The House of Orange in War & Revolution
A European History, 1772–1890
An epic narrative of joy and tragedy, progress and catastrophe, disappointment and glory
Three kings from the House of Orange-Nassau ruled over the Kingdom of the Netherlands from 1813 to 1890, but their sovereignty was subject to constant challenge. Their life stories stretch from the latter days of the Dutch Republic to the origins of the modern Netherlands. Historian Jeroen Koch places the nineteenth-century Orange dynasty and their struggles within the broad panorama of European history.
William I (1772–1843) had been destined at birth to become the stadholder of the Republic of the Seven United Provinces. But a French-backed revolution forced his family, the House of Orange, into exile.
For almost two decades, they roamed a European continent plunged into chaos by the French Revolution and Napoleonic Wars. It seemed that William would never reign again, but at the Congress of Vienna in 1815, he managed to become King of the new United Kingdom of the Netherlands and embarked on a programme of national modernization. His authoritarian policies made many enemies and formed a major factor in the Belgian secession.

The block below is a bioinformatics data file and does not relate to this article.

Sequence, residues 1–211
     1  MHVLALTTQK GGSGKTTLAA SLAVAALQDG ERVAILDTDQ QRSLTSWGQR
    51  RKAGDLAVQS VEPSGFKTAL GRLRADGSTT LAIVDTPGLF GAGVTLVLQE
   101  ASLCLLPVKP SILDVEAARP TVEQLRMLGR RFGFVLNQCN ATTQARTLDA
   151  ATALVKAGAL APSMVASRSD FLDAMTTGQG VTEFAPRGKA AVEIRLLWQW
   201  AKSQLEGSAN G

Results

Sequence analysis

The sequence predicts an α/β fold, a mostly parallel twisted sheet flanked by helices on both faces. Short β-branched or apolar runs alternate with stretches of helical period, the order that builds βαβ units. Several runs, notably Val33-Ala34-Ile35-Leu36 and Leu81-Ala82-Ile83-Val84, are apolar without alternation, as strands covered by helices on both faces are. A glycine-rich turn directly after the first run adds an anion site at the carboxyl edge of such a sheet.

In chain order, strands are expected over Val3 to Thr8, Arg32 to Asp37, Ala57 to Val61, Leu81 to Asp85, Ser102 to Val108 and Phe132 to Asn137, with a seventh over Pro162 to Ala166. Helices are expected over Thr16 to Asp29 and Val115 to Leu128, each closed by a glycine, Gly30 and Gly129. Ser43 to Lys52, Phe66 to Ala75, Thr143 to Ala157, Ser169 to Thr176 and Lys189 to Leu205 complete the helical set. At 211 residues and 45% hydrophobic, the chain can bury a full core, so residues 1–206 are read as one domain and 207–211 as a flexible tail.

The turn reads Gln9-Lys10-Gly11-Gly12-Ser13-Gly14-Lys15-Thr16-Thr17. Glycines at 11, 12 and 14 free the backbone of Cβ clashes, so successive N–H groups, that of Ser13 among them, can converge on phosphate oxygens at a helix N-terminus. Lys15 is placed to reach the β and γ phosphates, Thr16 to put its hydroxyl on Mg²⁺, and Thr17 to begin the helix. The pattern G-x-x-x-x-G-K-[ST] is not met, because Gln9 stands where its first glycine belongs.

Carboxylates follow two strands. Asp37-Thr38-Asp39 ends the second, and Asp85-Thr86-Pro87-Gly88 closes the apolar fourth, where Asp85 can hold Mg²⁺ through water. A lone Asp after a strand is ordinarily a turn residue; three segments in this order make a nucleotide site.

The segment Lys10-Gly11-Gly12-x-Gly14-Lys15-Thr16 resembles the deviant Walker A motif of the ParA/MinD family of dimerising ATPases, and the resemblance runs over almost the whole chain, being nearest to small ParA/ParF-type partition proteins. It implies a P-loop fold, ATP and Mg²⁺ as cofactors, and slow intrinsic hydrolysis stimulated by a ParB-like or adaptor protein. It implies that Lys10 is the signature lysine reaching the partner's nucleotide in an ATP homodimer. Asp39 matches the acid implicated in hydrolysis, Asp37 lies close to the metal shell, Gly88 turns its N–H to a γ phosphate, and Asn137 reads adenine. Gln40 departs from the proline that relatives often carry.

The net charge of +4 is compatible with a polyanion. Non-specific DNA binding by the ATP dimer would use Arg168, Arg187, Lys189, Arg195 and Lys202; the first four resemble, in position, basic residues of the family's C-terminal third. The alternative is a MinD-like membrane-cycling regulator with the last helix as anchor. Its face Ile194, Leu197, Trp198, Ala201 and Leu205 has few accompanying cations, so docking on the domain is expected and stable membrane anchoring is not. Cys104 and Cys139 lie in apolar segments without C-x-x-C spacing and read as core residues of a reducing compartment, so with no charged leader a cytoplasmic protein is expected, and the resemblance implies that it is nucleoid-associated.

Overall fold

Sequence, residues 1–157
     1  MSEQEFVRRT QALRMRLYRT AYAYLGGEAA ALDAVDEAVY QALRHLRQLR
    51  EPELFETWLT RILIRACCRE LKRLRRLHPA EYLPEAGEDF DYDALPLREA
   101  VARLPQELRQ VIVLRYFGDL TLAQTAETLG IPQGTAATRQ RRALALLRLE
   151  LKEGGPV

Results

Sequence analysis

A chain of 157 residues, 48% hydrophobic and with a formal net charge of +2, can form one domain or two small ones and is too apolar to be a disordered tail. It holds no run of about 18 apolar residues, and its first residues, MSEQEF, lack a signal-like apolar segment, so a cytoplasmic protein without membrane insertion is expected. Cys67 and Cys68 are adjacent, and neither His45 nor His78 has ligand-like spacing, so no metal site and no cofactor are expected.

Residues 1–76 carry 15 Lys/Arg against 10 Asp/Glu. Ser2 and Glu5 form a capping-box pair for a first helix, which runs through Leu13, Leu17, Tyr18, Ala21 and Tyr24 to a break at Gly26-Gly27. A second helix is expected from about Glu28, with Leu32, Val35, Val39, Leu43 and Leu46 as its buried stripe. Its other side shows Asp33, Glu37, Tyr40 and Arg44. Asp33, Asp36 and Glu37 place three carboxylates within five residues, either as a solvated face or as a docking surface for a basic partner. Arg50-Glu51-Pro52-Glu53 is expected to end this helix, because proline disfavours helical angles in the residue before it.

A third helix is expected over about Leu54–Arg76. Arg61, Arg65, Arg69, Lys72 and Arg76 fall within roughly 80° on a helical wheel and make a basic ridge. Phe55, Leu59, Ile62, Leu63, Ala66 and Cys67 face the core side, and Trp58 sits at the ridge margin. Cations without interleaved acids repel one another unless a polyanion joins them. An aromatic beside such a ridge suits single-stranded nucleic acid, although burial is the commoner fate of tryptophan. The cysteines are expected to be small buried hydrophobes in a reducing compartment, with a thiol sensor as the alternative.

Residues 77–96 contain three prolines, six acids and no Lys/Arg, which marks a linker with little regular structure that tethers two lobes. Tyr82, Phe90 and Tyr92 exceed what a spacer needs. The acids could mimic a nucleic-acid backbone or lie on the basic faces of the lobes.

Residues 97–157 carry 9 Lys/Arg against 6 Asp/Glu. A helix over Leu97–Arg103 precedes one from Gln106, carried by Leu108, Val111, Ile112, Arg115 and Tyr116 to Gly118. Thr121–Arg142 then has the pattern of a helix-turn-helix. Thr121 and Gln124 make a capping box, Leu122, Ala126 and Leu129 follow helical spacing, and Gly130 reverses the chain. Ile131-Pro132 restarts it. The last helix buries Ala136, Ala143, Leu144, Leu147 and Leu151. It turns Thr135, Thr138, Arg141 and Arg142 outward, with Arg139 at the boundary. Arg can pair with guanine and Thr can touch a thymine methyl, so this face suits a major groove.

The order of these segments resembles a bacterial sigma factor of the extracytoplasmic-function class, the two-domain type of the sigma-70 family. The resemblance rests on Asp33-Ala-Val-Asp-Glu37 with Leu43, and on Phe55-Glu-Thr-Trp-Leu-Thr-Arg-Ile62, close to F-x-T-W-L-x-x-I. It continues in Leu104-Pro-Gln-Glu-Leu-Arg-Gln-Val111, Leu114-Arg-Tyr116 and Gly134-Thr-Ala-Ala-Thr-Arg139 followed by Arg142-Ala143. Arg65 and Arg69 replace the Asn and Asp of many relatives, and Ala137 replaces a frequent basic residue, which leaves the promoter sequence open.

In contrast, his son William II (1792– 1849) was an adventurer, known for his military exploits, his far-flung travels and his amorous intrigues. In 1848, the European year of revolution, it was he who accepted the country’s first liberal constitution. William III (1817–1890) has gone down in history as King Gorilla, an aggressive man constantly struggling against the constraints imposed by his ministers and the new constitution. Yet his reign also saw the rapid modernization of the Netherlands.
This story of the House of Orange takes a novel approach, placing the nineteenth-century Dutch kings firmly in the context of their families and of European history. The Orange dynasty was and is an international family: William I, William II and William III were related to the royal houses of England, Prussia, Russia and Württemberg. The book thus offers a panoramic survey of Dutch history against a European backdrop. It also incorporates the latest scholarly approaches and insights, with a detailed examination of the kings’ many roles: dynastic, political, military, ceremonial, representative, and international.
Jeroen Koch has written a gripping narrative for both general readers and the scholarly community, combining probing research with a knack for eye-opening anecdotes and colourful details. His biography of King William I (2013) was part of a landmark trilogy on the three nineteenth-century Dutch kings. Based on this trilogy, The House of Orange in War & Revolution: A European History, 1772–1890 offers a synthesis of those earlier biographies combined with exciting new insights.
The press on Koch’s biography of William I:
‘A magnificent, fluidly written biography.’
‘A brilliant, revelatory biography.’